House Buying Questions

I hear all kinds of things about how much money you should have for a down payment, how much you need for closing costs, how much $ you should have saved up on top of that and it confuses the shit out of me...So how much for each?

Let's use a price of 300k for a house.

0% to 3% for a down payment and 2% to 5% for closing costs. Remember closing costs include real estate taxes to the state and local government, prepaid property taxes, filing fees, transfer taxes, attorney, water and sewer, homeowner's insurance, application fees, points if any (not a bad thing), etc.

$20-40K.

Is this a house for yourself or as an investment?

If it's for an investment try not to use any of your own money...

it'd be a house for me, not an investment.

You skimming on that IFL banner ad? I see how it is now... it all makes sense...

We should send them a bill for that....they suck.

300k will probably run you around 6k in closing costs but that can of course vary. How much you put down depends on your financial situation. You can go 0 down and get an 80/20 loan to avoid paying PMI. But your interest rate will be higher. You can go 80/15 and 5% down if you've got cash. You'll have to calculate PMI and your expected interest rate and make a best guess which will be the better deal. Or you could throw that 60k down, but if its your first house it isn't likely you'll have it. I didn't have 20% either.... ;)

I'm a big proponent of keeping money in your pocket and going zero down. There are literally hundreds of products out there to help you achieve home buying goals.

I'd ask for seller's contribution (especially in this buyer's market it shouldn't be difficult at all) to pay for closing costs that way you come out of pocket in a very minimal way.

I'm a bit worried about going zero down...my friend just did that on a house for 300k and she's getting raped on her interest rate. I assume the more $ you put down, the better the rate?

Negative. You can "buy down" the rate by paying points (usually 1% of the purchase price = one point). If you are worried about rate.

Here's my theory (and I'm sure others will agree or disagree) but I like no money down interest only loans. The difference I would use in the payment between the interest only and the 30 year fixed, I would then take and invest in something that gets me a safe ROR say around 8%.

My theory...Equity in a home is truly nothing more than a number on paper. If you take that $60K you'd put down on a $300K house and have that liquid, as opposed to using it in the down payment, you can access it anytime.

However, if that $60K is sitting in equity in your home and say something bad happens like you lose your job, you aren't going to be able to touch that money. The bank wouldn't loan to a person who is unemployed. So I'd rather have the money working for me in an accessible account because IF you did lose your job, you'd have the $60K to cover your bills for several months or years (depending on what your actual outlay is of course).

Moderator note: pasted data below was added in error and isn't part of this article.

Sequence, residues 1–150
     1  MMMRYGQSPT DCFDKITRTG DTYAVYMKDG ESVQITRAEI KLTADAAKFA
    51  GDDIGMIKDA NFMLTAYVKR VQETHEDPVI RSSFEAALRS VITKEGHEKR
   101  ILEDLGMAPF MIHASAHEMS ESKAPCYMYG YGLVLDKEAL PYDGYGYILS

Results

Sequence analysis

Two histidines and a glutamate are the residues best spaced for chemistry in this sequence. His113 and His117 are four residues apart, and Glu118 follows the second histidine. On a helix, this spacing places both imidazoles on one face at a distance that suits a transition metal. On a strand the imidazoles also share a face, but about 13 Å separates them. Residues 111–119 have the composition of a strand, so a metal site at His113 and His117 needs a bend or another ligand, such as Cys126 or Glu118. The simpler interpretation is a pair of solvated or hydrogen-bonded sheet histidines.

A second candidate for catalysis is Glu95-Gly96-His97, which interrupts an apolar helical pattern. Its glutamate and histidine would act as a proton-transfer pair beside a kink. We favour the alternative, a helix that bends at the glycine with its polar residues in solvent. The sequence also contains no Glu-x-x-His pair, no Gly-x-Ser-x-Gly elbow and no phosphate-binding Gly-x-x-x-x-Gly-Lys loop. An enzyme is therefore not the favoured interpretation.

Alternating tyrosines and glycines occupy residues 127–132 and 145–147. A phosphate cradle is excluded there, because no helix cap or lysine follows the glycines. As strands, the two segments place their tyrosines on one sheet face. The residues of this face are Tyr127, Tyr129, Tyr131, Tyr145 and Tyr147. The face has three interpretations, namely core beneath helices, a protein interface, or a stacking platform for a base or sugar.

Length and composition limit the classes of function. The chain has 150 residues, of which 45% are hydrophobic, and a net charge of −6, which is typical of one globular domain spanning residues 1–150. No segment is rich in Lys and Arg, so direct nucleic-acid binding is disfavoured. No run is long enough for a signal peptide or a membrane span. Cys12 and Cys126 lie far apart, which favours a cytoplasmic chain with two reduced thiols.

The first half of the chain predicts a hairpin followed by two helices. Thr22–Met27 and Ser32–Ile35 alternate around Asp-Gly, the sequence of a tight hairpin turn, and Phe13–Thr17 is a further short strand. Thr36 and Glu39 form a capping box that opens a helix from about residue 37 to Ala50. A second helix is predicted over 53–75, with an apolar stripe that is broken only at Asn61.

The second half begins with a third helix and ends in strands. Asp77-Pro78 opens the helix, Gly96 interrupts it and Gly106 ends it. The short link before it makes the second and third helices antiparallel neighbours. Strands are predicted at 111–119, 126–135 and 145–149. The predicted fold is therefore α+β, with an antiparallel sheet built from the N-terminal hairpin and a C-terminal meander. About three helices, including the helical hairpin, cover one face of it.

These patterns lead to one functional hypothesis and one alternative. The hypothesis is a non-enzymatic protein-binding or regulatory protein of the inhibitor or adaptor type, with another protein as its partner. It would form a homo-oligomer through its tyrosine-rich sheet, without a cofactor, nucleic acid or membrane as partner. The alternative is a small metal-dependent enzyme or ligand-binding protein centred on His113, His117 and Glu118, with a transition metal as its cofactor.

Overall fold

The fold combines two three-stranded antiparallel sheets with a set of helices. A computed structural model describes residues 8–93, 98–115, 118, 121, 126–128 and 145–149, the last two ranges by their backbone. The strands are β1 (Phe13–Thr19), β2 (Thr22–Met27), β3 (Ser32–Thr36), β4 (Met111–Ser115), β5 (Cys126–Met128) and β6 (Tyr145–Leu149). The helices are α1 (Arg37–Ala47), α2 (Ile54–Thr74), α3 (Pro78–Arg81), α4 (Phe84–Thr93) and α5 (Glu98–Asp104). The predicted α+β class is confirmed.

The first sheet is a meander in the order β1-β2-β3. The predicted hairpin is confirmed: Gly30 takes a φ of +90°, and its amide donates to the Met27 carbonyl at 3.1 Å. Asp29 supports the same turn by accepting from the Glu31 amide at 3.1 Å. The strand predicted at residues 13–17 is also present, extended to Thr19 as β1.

Make sense? Hopefully I explained it correctly. I think others will disagree but I believe in leveraging my money.

I understand....the problem is that I'm 25, and unless I win some type of lottery, I'll never have 60k to put down...not on my first house anyway.

Property values are dropping, and 300k buys a ton of house out here, so I'm gonna start small I think...

I'm confused about the whole thing right now, and I'm basically looking for a number to shoot for...so if I know I need an additional 15k on top of what I have already saved, and I wanna buy this time next year, I know I need to save $1250/month for a year to get the 15k...

Well, like I said, you're in good shape. I would put less down and buy now.

"I'm a bit worried about going zero down...my friend just did that on a house for 300k and she's getting raped on her interest rate. I assume the more $ you put down, the better the rate?"

It's not entirely true. You can still get a decent rate even with zero down. VA loans if you are in the military do not rape anyone.

Your rate is going to depend on mostly 2 things:

  • Your debt income ratio
  • Your credit score

If your friend is getting raped on her rate, several causes:

  • Her debt income ratio might be too high.
  • Her credit score might be low.
  • Maybe she had a bankruptcy in the last 7 years.
  • Cannot justify her income ie. stated income.
  • She didn't shop around and didn't get an honest loan officer which charged her higher than he should have.

It's going to be hard to find exactly what number you are going to shoot without knowing the exact location of the house, your credit score, your income for the last 2 years etc...

You can get a very good deal if you shop around, do your research and homework. A first home buyer does not need to be raped to purchase his first house.

Good luck!

KickU2.